I'm going through Rudin for a real analysis class, and the proof of this theorem is unclear:
Suppose $S$ is an ordered set with the least-upper-bound property, $B \subset S$, $B$ is not empty, and $B$ is bounded below. Let $L$ be the set of all lower bounds of $B$. Then $\alpha = \sup L$ exists in $S$, and $\alpha = \inf B$. In particular, $\inf B$ exists in $S$.
Since $B$ is bounded below, $L$ is not empty. Since $L$ consists of exactly those $y \in S$ which satisfy the inequality $y \leq x$ for every $x \in B$, we see that every $x \in B$ is an upper bound of $L$. Thus $L$ is bounded above. Our hypothesis about $S$ implies therefore that $L$ has a supremum in $S$; call it $\alpha$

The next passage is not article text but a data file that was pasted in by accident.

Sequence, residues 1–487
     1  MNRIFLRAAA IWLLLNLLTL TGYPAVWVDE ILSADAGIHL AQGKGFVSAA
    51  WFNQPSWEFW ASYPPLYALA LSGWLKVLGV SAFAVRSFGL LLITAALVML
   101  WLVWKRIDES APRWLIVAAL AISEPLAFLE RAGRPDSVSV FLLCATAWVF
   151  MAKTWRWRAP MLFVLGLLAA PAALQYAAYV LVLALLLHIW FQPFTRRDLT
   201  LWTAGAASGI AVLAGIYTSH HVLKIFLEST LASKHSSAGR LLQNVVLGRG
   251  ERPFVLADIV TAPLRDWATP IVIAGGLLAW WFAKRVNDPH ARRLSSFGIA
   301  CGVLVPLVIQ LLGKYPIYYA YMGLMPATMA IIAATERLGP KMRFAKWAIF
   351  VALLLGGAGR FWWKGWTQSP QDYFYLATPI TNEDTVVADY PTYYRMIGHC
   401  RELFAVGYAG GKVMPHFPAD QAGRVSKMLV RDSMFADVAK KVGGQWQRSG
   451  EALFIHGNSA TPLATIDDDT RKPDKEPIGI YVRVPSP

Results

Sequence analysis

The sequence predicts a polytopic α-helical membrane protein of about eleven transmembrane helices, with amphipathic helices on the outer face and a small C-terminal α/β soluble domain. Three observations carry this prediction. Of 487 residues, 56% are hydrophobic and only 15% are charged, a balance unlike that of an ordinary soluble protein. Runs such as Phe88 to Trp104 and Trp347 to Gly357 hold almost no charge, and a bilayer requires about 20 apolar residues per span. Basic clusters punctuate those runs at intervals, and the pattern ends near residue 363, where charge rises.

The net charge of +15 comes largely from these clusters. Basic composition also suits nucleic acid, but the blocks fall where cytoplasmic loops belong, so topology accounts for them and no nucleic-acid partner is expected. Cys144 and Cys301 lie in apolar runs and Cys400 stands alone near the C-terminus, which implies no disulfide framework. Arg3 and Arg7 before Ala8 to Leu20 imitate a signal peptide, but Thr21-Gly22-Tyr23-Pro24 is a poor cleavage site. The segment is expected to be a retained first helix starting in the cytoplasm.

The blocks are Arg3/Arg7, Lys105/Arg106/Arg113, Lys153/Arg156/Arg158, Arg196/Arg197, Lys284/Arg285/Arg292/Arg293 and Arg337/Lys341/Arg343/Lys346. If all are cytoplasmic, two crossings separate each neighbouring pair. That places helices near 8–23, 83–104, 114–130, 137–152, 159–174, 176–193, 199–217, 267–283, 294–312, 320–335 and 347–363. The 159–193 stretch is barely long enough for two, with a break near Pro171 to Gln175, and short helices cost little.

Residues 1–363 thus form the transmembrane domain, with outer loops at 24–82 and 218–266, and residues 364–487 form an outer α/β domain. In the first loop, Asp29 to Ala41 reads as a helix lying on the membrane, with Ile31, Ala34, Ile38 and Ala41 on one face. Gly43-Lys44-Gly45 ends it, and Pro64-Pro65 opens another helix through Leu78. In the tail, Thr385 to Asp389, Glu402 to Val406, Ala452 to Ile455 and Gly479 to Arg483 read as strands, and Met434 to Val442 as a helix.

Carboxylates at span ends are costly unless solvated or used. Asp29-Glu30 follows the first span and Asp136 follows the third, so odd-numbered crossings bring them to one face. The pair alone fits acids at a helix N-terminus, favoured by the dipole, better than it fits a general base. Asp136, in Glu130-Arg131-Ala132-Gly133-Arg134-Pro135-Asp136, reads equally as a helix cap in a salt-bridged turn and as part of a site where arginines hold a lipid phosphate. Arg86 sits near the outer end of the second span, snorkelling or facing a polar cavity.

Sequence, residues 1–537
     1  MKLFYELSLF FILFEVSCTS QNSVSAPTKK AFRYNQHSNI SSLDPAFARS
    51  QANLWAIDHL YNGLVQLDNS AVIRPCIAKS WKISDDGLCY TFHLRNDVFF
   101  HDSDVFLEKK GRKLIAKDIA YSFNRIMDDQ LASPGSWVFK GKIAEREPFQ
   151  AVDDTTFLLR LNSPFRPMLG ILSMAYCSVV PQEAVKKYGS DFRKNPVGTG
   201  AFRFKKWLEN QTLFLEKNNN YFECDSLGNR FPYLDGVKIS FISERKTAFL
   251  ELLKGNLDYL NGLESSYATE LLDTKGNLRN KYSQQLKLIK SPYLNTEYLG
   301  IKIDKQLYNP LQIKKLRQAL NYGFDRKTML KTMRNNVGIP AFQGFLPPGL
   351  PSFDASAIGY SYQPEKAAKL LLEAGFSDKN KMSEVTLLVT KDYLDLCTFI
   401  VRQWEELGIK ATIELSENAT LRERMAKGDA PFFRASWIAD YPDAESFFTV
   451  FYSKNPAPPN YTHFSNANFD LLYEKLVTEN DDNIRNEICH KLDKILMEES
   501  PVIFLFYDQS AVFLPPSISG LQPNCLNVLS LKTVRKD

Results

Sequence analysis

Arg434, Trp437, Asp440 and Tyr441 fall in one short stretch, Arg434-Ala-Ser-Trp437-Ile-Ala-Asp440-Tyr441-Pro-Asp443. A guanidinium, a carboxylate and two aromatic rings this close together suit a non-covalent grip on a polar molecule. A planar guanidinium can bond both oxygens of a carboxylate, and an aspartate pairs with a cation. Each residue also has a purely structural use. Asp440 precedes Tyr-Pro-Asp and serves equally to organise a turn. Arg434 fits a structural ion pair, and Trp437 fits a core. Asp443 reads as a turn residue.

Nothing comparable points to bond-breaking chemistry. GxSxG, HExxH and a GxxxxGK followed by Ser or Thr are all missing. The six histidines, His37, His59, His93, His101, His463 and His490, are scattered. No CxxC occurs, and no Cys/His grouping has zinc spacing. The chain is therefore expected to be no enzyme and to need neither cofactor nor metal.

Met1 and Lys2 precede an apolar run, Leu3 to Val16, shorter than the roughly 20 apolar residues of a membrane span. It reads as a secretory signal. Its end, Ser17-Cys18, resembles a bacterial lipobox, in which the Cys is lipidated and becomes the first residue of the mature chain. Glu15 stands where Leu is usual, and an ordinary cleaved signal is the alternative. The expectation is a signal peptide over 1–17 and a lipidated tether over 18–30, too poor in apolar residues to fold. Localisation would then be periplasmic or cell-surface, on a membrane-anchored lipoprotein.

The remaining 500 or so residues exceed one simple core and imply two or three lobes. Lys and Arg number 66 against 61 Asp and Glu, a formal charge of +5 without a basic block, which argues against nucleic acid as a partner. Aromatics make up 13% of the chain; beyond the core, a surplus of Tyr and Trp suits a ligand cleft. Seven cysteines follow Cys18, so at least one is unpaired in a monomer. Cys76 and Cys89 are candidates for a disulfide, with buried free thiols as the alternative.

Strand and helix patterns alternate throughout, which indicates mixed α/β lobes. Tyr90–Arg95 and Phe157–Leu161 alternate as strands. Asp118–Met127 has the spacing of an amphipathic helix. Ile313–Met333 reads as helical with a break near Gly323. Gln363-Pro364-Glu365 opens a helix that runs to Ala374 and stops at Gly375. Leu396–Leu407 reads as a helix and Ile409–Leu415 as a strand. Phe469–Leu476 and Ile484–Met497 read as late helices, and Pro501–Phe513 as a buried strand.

My question is on the last line above, the proof applies the least-upper-bound property to $L$ treating it as a subset of $S$. But is it true that $L \subset S$? I don't think it's usually true, so we can't apply the least-upper-bound property to $L$. Where am I going wrong here?